Some friends asked me to look after their chalet last weekend so they could watch their son ski in a competition elsewhere. They only had two guests and they had cooked all the meals, so all I had to do was serve them, and drop the guests off in town. No worries, right? Maybe less worries if my VW Golf was reliable. It’s an old car, but I love it because I can pop the roof down in summer and really enjoy driving in such a beautiful place. There was no enjoyment last weekend. With a piece of corroded rubber preventing the accelerator cable from working, I hitched up to the chalet with a friend who, visiting for the weekend, had a hire car. The guests arrived before us, but luckily the chalet owners’ other son was there to greet them. The three of us fumbled through serving dinner despite the frozen salad and the absence of milk for coffee.
Breakfast the next morning was fun. I had driven the chalet van down to my place the night before so I could get back to the chalet, but with 15cm of snow on my steep driveway and no snow tyres, the van only made it half way up the hill before the wheels spun. I tried to reverse it but managed to stall it, then flood the engine. I rolled it down the driveway where it was avoidable to other cars but still in the way. It wouldn’t restart and I wondered if I’d killed the battery. I borrowed my friend’s hire car which apparently did have snow tyres, drove past the dumped van and my broken Golf and waited for the guests to wake up. They didn’t. The pressure was on to catch first lifts with my friend at 9am and it was now 8.15am. I knocked on the guests’ door and asked if they were coming down for breakfast. As I’d guessed, they had forgotten that the clocks went forward an hour the night before. Eggs poached, toast made, guests tired but full, I avoided explaining that there was no van to drop them off. Instead, I opted to yell out a farewell while they got changed into the ski clothes.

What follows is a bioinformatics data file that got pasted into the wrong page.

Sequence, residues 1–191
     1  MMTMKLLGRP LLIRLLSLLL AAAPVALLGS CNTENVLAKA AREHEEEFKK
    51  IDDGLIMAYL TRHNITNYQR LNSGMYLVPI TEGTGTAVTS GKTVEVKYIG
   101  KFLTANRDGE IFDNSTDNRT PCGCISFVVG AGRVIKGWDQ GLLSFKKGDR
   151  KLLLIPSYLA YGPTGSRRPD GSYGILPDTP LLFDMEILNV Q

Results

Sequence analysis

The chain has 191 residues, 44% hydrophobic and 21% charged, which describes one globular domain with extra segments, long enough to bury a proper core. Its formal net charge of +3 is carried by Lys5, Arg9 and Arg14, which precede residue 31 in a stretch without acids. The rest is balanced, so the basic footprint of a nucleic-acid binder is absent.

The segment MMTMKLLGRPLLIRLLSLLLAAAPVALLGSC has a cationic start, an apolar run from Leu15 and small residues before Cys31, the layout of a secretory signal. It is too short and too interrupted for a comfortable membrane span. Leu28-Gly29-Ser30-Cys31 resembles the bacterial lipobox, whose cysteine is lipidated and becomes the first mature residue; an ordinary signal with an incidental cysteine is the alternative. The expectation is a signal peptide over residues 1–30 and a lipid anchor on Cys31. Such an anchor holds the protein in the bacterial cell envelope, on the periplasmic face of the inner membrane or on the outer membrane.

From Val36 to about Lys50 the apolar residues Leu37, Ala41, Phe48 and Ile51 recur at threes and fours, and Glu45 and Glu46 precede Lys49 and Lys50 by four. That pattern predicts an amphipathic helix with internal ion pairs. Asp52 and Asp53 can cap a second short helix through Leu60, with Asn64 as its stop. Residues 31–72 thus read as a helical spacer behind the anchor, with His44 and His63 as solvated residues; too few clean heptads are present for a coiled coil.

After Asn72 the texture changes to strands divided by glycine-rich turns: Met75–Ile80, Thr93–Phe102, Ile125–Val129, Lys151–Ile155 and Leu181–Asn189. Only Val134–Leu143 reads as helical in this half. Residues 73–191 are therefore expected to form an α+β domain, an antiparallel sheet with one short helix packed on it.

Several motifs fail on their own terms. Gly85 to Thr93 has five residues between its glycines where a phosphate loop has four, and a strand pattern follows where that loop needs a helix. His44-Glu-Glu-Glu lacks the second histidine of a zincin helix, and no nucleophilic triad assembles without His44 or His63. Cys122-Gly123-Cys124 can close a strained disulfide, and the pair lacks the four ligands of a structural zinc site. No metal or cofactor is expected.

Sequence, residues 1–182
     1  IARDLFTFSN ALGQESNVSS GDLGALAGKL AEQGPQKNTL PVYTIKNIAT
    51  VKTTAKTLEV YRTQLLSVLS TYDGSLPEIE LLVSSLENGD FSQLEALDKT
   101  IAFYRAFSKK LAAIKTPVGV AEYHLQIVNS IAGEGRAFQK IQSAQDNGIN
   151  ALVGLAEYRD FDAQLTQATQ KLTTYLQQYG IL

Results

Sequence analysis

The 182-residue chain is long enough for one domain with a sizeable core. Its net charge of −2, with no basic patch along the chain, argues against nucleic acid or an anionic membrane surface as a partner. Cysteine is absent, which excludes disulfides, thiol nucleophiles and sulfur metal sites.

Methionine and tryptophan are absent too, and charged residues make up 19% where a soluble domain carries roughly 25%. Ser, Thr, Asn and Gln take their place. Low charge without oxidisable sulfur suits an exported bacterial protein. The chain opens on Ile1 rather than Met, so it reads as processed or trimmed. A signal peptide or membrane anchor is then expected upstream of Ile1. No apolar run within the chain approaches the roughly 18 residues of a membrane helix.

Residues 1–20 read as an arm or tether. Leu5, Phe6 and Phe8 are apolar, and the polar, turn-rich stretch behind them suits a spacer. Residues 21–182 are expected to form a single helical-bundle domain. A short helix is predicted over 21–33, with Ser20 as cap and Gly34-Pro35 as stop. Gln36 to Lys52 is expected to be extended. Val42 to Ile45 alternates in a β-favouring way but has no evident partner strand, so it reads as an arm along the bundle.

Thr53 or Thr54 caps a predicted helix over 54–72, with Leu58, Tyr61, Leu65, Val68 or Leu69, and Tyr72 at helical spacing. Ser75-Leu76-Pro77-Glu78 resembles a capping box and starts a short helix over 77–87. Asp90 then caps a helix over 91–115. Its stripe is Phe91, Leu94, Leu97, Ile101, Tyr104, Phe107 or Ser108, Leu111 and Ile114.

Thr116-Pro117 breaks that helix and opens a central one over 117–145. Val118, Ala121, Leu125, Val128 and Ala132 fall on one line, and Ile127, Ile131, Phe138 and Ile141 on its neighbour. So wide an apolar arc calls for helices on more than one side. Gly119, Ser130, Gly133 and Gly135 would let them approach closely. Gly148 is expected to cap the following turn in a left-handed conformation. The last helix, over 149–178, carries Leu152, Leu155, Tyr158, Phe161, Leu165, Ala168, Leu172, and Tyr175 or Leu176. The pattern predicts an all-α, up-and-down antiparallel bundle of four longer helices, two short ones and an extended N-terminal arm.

The chalet owners returned just before dessert that night, which was lucky because we couldn’t find it. Panic over and guests fed, I’d even managed to get the van back to the chalet. The problem? I hadn’t taken it out of gear when starting it. A chalet girl I am not.